CBK retains benchmark lending rate at 8.5%
06 November 2013, 10:05
Nairobi - The Central Bank of Kenya (CBK) on Tuesday retained the benchmark lending rate at 8.50 percent, but decried rising inflation sparked by VAT measures introduced in August.
The bank said it will continue to monitor the key macroeconomic aggregates and any emergent risks that may impact on price stability.
"The Committee therefore decided to retain the CBR at 8.50 percent and will also continue to work with stakeholders in order to improve the mechanisms for liquidity management," CBK Governor Njuguna Ndung'u said in a statement.
Ndungi said the bank's monetary policy organ noted that the projected weak recovery in the global economy and the instability in the Middle East and North Africa continue to pose risks to the macroeconomic outlook.
The recession in the eurozone has slowed down export earnings from tourism while the temporary partial shutdown of the U.S. government in October could affect diaspora remittances from North America in the short-term, the bank said.
The governor said the new VAT measures had a one-off impact on inflation.
"In particular, the 1-month annualized overall inflation was negative in October 2013, a clear indication that inflationary expectations had not changed relative to the pre-VAT Act period," the statement said.
According to the CBK, there were also no demand-driven inflationary pressures which would require a revision of the current monetary policy stance.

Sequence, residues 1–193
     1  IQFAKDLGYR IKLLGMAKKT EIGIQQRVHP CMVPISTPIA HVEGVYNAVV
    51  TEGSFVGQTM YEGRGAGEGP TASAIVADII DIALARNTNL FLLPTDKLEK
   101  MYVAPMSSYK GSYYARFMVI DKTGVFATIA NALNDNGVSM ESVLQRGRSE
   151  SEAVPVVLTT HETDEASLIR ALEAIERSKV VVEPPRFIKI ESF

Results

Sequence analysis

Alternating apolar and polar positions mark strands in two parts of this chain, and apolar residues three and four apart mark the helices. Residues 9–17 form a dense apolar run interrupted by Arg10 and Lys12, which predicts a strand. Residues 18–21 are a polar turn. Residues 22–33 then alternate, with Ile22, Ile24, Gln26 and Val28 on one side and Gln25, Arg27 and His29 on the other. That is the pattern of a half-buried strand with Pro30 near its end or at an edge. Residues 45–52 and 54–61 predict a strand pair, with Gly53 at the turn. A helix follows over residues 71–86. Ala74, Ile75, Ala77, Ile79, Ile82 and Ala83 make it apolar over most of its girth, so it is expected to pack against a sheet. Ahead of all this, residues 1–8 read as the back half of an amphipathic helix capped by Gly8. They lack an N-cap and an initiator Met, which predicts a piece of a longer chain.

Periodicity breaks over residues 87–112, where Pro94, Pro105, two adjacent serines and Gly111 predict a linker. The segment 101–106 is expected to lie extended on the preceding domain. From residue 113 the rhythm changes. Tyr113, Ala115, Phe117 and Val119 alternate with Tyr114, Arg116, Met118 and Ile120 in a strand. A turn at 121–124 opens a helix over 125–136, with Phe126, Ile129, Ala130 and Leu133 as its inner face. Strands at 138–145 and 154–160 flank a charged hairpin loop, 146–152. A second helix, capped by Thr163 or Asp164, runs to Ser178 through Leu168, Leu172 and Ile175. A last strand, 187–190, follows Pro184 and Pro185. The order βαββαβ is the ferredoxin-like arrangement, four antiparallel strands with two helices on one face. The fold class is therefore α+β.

The overall month-on-month inflation declined from 8.29 percent in September to 7.76 percent in October.
The decline in inflation in October largely reflected a fall in the prices of all energy items as well as some food items and the stable exchange rate that also contributed to the relative prices declining.
The 1-month annualized overall inflation declined by 0.63 percent to 7.76 percent October and the non-food-non-fuel month-on- month inflation also decreased from 5.02 percent to 4.94 percent in the same period.
The results are an indication of a moderation of inflationary pressure in the economy that also reflects the fact that inflationary expectations have not changed even after implementation of the VAT Act in September.
Overall inflation declined in October but remained above the 7. 5 percent upper bound for the government's medium-term target, the bank said.
In addition, the strengthening of the Kenyan shilling against major currencies in October moderated any impact of the pass- through effect of imported inflation, it added.
"The Central Bank Rate (CBR) continued to coordinate movements in the short-term interest rates during the period," the statement said.